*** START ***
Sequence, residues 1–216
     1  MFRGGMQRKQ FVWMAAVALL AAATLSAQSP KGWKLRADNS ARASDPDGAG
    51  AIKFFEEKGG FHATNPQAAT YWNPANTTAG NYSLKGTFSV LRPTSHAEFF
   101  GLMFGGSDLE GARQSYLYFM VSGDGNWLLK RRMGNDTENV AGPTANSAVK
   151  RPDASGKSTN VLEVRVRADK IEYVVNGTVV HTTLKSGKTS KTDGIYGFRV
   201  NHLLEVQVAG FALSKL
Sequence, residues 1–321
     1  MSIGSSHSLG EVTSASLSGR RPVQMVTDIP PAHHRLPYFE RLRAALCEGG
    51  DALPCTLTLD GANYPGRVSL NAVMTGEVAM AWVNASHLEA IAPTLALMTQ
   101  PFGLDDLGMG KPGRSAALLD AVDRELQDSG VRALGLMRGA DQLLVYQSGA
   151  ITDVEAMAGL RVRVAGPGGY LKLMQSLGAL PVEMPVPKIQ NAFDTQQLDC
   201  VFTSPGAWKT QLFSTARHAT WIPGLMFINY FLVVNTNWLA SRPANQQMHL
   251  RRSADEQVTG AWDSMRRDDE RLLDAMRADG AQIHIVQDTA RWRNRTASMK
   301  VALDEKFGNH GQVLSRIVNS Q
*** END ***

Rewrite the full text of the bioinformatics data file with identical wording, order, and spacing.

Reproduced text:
Sequence, residues 1–216
     1  MFRGGMQRKQ FVWMAAVALL AAATLSAQSP KGWKLRADNS ARASDPDGAG
    51  AIKFFEEKGG FHATNPQAAT YWNPANTTAG NYSLKGTFSV LRPTSHAEFF
   101  GLMFGGSDLE GARQSYLYFM VSGDGNWLLK RRMGNDTENV AGPTANSAVK
   151  RPDASGKSTN VLEVRVRADK IEYVVNGTVV HTTLKSGKTS KTDGIYGFRV
   201  NHLLEVQVAG FALSKL
Sequence, residues 1–321
     1  MSIGSSHSLG EVTSASLSGR RPVQMVTDIP PAHHRLPYFE RLRAALCEGG
    51  DALPCTLTLD GANYPGRVSL NAVMTGEVAM AWVNASHLEA IAPTLALMTQ
   101  PFGLDDLGMG KPGRSAALLD AVDRELQDSG VRALGLMRGA DQLLVYQSGA
   151  ITDVEAMAGL RVRVAGPGGY LKLMQSLGAL PVEMPVPKIQ NAFDTQQLDC
   201  VFTSPGAWKT QLFSTARHAT WIPGLMFINY FLVVNTNWLA SRPANQQMHL
   251  RRSADEQVTG AWDSMRRDDE RLLDAMRADG AQIHIVQDTA RWRNRTASMK
   301  VALDEKFGNH GQVLSRIVNS Q